Book review: White Magic: The Age of Paper, by Lothar Müller

PUBLISHED : Saturday, 22 November, 2014, 11:15pm
UPDATED : Saturday, 22 November, 2014, 11:15pm

White Magic: The Age of Paper
by Lothar Müller 

Paper, like film and the phonograph, revolutionised our cultures but have now been replaced by digital alternatives. As paper increasingly fades into history, the story of its role and evolution is at risk of being lost, erasing the roadmap that brought us to the digital era.

Lothar Müller's White Magic: The Age of Paper goes a long way to averting that fate, going back in time to record and describe in intricate detail how paper came to be, and what it came to be. Müller, a "literary scholar and newspaper journalist interested in cultural studies", writes that in researching this book he was "focused on what modern European literature knows about the material from which it is made" - and he achieves his goal.

Müller sets out by describing how the Silk Road was also a paper road, as paper was a cultural technique that seeped from China to the Arab world before being popularised in Europe from the 13th century onwards.

Each move came with, and as a result of, innovations in production and materials while reflecting the economics and geopolitics of the time. Mechanisation of the English textile industry increased the supply of rags, a key raw material for paper production until the late 1800s, when the paper industry made another geographical shift.

"Rag paper came by its raw materials most easily in places with a high population density. But the move to mechanical and chemical wood pulp meant the sparsely populated but heavily forested regions of North America and Northern Europe quickly grew in importance," Müller writes.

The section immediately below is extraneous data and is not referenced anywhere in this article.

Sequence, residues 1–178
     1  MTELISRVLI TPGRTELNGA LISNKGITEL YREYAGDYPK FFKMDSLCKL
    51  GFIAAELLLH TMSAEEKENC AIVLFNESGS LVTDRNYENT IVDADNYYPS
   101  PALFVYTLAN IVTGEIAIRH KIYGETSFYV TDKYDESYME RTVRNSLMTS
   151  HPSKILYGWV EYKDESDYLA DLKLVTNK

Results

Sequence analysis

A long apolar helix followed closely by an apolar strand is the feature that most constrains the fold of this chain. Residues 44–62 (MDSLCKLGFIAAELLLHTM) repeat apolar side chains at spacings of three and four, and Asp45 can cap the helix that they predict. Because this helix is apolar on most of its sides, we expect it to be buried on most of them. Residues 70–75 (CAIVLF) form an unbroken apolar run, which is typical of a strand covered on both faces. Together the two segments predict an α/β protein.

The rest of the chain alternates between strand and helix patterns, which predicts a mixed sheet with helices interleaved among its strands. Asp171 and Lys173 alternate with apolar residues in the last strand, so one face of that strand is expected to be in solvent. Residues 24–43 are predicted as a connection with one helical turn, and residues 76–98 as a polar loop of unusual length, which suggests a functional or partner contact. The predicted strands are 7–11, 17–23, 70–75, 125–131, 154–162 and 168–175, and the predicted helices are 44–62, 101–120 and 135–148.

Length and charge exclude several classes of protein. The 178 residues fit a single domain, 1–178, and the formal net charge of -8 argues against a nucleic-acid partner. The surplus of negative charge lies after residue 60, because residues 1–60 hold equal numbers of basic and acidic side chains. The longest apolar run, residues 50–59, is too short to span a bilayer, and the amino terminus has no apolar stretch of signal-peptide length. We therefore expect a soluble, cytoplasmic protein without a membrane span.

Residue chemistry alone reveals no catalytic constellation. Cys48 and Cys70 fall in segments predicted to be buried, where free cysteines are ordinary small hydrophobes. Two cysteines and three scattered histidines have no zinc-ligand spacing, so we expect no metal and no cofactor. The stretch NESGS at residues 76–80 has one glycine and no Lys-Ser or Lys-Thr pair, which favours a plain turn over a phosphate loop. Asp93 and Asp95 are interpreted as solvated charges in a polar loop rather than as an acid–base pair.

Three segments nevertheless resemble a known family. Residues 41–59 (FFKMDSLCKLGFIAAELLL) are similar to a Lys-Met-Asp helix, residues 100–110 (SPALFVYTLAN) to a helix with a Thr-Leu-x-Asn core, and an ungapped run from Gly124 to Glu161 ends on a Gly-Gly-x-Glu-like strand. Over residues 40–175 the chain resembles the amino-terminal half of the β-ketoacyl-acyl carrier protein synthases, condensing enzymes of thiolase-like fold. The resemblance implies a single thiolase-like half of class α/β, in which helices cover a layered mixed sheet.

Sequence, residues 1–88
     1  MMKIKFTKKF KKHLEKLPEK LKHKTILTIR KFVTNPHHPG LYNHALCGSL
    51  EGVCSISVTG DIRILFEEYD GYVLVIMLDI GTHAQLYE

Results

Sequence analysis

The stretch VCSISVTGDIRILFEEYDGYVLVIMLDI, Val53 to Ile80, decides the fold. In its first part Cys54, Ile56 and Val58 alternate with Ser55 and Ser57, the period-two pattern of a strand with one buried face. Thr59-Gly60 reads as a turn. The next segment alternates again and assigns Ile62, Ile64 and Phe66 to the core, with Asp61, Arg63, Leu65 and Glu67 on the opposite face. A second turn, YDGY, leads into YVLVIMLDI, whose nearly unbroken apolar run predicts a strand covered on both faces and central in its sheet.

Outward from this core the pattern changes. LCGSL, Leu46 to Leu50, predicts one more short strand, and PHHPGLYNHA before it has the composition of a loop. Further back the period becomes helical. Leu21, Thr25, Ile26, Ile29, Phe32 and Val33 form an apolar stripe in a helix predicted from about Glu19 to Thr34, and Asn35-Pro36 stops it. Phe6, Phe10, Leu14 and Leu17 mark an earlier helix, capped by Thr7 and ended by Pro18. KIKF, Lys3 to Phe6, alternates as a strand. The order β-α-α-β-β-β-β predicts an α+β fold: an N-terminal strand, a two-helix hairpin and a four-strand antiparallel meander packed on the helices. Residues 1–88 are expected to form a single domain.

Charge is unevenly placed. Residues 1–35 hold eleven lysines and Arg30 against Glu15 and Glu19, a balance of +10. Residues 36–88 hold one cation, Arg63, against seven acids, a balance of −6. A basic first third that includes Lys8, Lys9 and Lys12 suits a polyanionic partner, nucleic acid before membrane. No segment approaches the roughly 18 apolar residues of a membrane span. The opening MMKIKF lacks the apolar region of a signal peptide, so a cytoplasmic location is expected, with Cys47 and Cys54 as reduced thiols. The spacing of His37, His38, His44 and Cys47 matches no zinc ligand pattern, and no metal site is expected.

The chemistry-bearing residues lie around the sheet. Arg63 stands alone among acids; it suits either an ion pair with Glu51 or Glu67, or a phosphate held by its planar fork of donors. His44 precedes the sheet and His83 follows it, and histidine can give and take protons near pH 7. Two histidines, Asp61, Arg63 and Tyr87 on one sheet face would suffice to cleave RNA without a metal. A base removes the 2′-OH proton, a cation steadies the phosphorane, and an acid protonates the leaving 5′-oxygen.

A notable feature of Müller's work is that it not only looks at the physicality of the page, from the marks left as it was scooped from the vat, to the invention of water marks and the introduction of standardised paper sizes, but also delves into the role paper played in ideas and literature, illustrated by how paper plays into Miguel de Cervantes' Don Quixote and Daniel Defoe's Robinson Crusoe. It is not only about paper-making, but also about how paper and typesetting affected the written word itself.

"One symptom of the need [paper] fulfilled could be seen in the lettering on parchment manuscripts, which had become more and more cramped … The arrival of paper helped loosen these constraints. It gave texts a more reader-friendly breathing space."

Interestingly, the same argument was made when digital publishing emerged, although comparing today's vacuous blogs to 17th- or 18th-century literature proves too much of a good thing can have dastardly results.

White Magic may not be a page turner, but it does offer fascinating details, such as the role of playing cards in the growth of paper in Europe in the 15th century. The production of playing cards for a time consumed more paper than chanceries and town councils, which long served as mainstays of the paper industry.